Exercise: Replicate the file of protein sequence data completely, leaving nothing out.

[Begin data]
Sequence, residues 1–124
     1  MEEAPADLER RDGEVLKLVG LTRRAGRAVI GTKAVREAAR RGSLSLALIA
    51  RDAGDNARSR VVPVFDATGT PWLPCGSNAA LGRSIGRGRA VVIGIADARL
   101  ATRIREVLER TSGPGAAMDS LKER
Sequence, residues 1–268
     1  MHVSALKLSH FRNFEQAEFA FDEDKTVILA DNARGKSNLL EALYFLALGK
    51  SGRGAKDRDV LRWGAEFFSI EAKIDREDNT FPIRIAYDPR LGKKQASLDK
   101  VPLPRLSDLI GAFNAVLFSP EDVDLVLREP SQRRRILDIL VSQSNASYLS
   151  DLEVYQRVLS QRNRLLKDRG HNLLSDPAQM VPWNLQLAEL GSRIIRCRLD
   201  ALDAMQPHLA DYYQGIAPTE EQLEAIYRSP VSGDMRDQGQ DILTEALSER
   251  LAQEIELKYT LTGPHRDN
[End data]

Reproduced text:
Sequence, residues 1–124
     1  MEEAPADLER RDGEVLKLVG LTRRAGRAVI GTKAVREAAR RGSLSLALIA
    51  RDAGDNARSR VVPVFDATGT PWLPCGSNAA LGRSIGRGRA VVIGIADARL
   101  ATRIREVLER TSGPGAAMDS LKER
Sequence, residues 1–268
     1  MHVSALKLSH FRNFEQAEFA FDEDKTVILA DNARGKSNLL EALYFLALGK
    51  SGRGAKDRDV LRWGAEFFSI EAKIDREDNT FPIRIAYDPR LGKKQASLDK
   101  VPLPRLSDLI GAFNAVLFSP EDVDLVLREP SQRRRILDIL VSQSNASYLS
   151  DLEVYQRVLS QRNRLLKDRG HNLLSDPAQM VPWNLQLAEL GSRIIRCRLD
   201  ALDAMQPHLA DYYQGIAPTE EQLEAIYRSP VSGDMRDQGQ DILTEALSER
   251  LAQEIELKYT LTGPHRDN